In addition, keratoacanthomas may be part of Muir-Torre syndrome and xeroderma pigmentosum.

Diagnosis: The diagnosis is usually clinical, based on its distinctive clinical history. Dermoscopy of the lesion reveals keratin crust/scale, central keratin mass, white keratin pearls, white circles, white structureless zones, hemorrhage centrally and in areas of keratinization, glomerular vessels, linear irregular vessels, atypical vessels, and hairpin vessels. Unfortunately, these features may also be present in squamous cell carcinoma. Because of a lack of clinical features that can reliably distinguishing keratoacanthoma from squamous cell carcinoma, a biopsy with a sample of sufficient depth should be considered.

Differential Diagnosis: Differential diagnosis includes squamous cell carcinoma, basal cell carcinoma, Merkel cell carcinoma, hypertrophic actinic keratosis, seborrheic keratosis, verruca vulgaris, pyogenic granuloma, prurigo nodularis, giant molluscum contagiosum, deep fungal or mycobacterial infection, and nodular Kaposi’s sarcoma.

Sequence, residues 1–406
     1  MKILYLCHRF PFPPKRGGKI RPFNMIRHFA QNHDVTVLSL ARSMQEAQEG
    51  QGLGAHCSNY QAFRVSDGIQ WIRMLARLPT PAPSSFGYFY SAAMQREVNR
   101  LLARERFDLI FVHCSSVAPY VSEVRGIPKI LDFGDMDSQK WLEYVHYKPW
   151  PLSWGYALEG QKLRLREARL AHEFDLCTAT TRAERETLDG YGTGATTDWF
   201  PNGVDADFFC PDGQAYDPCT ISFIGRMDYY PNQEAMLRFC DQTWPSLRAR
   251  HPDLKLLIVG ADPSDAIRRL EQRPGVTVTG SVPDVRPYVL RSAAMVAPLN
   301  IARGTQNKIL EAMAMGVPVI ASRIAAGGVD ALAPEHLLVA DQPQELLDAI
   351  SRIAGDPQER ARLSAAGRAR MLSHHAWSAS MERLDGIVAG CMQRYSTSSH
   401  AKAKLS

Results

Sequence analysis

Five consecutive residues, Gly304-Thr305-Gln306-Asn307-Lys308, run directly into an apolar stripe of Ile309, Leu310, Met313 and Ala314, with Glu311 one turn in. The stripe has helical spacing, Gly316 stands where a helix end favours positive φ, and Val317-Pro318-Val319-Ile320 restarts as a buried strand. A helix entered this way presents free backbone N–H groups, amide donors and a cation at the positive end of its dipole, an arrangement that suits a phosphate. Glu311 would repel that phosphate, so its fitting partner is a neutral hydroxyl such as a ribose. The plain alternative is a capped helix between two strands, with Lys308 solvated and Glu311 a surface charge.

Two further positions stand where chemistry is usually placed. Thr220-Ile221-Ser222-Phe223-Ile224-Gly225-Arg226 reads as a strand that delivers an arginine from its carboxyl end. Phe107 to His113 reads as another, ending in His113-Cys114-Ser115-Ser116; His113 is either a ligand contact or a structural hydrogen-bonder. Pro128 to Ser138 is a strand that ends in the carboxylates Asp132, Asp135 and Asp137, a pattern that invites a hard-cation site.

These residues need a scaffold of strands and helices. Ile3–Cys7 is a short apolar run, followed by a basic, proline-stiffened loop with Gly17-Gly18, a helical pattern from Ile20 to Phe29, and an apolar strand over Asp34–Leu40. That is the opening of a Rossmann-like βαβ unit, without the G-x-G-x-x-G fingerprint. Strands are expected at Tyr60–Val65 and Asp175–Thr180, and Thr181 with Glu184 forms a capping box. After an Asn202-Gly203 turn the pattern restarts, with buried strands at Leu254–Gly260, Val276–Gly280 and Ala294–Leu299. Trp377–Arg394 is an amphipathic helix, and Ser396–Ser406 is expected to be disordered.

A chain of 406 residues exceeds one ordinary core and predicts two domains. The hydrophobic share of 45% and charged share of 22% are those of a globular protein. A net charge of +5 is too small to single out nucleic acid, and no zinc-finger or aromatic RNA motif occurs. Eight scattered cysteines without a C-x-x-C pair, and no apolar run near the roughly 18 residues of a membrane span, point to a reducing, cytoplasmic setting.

Complications: Occasionally, keratoacanthoma may metastasize. Vascular and perineural invasion may also be observed. For lesions that have undergone spontaneous resolution, some may leave atrophic and hyperpigmented scars.

In patients with generalized eruptive keratoacanthomas of Grzybowski, the associated ectropion and a masked facies of tumors are cosmetically unsightly and together with the intense pruritus have an adverse effect on the quality of life.

Prognosis: In approximately 50% of cases,spontaneous resolution of the tumor occurs within 4 to 9 months of achieving maximal size. Subungual and mucosal keratoacanthomas and keratoacanthoma centrifugum marginatum usually do not regress. The recurrence rate is 3% to 5%, depending on the treatment modality.